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Non-volatile logic memory retains info in zero standby power

Posted: 30 May 2008 ?? ?Print Version ?Bookmark and Share

Keywords:non-volatile logic memory? logic IC? zero standby power?

Rohm Co. Ltd has developed what it touts as the first IC chip integrating non-volatile logic circuitry in the internal data storage area (register). Ferroelectric RAM, a type of memory capable of retaining the state of the chip's internal operations even when no power is supplied, was created using ferroelectric element technology.

Logic ICs such as CPUs, have computational state retention circuits known as registers, which temporarily store information on the progress and results of various processing operations, retain, and modify the operating state of the IC and peripheral devices. Information held in existing IC registers is erased when power is cut (referred to as volatility), making current flow imperative in order to maintain storage.

Although previous attempts to make IC registers non-volatile using ferroelectric elements have been made, no viable products exist due to problems such as increased load capacitance in the IC logic circuit along with greater power load and signal delays. Rohm's new ferroelectric separate structure, combined with original technology that allows the register area to be made non-volatile without harming the logic performance or reliability of the IC, solves these problems simultaneously.

Actual tests conducted on this non-volatile logic technology, which reduces standby power consumption to zero, has effectively decreased CPU power consumption by approximately 70 percent. Implementing modifications such as placing blocks not performing Write/Read operations into sleep mode even during CPU operation, can reduce power consumption by an additional 15 percent to an estimated 85 percent or more, with further optimization of the power supply (i.e. closely managing ON/OFF operation at the register/computation circuit level within each block) enabling a power efficiency exceeding 95 percent.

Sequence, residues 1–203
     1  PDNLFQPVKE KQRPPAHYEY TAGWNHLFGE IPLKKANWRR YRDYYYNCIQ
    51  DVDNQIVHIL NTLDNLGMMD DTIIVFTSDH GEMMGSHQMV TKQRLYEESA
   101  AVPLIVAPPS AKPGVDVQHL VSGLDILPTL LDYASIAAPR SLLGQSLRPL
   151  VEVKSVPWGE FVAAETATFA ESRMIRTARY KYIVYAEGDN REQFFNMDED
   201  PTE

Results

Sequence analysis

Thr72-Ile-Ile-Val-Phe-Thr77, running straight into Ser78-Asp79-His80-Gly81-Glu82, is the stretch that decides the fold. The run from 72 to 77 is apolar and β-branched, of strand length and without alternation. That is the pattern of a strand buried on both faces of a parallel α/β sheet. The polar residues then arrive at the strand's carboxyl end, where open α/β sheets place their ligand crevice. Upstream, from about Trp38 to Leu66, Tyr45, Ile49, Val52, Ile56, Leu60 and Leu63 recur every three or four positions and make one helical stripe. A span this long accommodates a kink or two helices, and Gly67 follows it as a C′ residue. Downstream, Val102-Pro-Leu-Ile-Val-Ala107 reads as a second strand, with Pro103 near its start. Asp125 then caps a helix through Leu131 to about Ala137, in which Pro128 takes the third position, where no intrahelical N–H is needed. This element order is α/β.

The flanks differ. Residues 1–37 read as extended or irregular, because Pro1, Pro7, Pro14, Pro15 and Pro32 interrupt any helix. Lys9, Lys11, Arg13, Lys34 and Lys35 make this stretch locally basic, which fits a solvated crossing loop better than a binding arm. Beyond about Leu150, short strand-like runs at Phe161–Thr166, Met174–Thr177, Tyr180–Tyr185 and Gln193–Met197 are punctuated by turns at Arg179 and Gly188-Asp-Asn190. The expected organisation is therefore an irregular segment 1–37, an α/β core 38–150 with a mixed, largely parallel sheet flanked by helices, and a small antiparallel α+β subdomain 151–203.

Practical applications include significantly reducing the startup time of PCs, which currently number in the several tens of seconds to that of TVs. In addition, many home appliances are constantly supplied with electricity and continue to consume power (standby power consumption) even when turned off in order to retain internal data. This amounts to as much as 15 billion kWh wasted each year in Japan alone (estimate based on "Standby Power Consumption Survey Report," from The Energy Conservation Center, Japan). Integrating non-volatile logic technology in the logic ICs used in these electronic products can result in tremendous energy savings for entire markets.

ROHM will be making proposals to its customers regarding the use of non-volatile custom logic ICs and has scheduled mass production to begin after one year.

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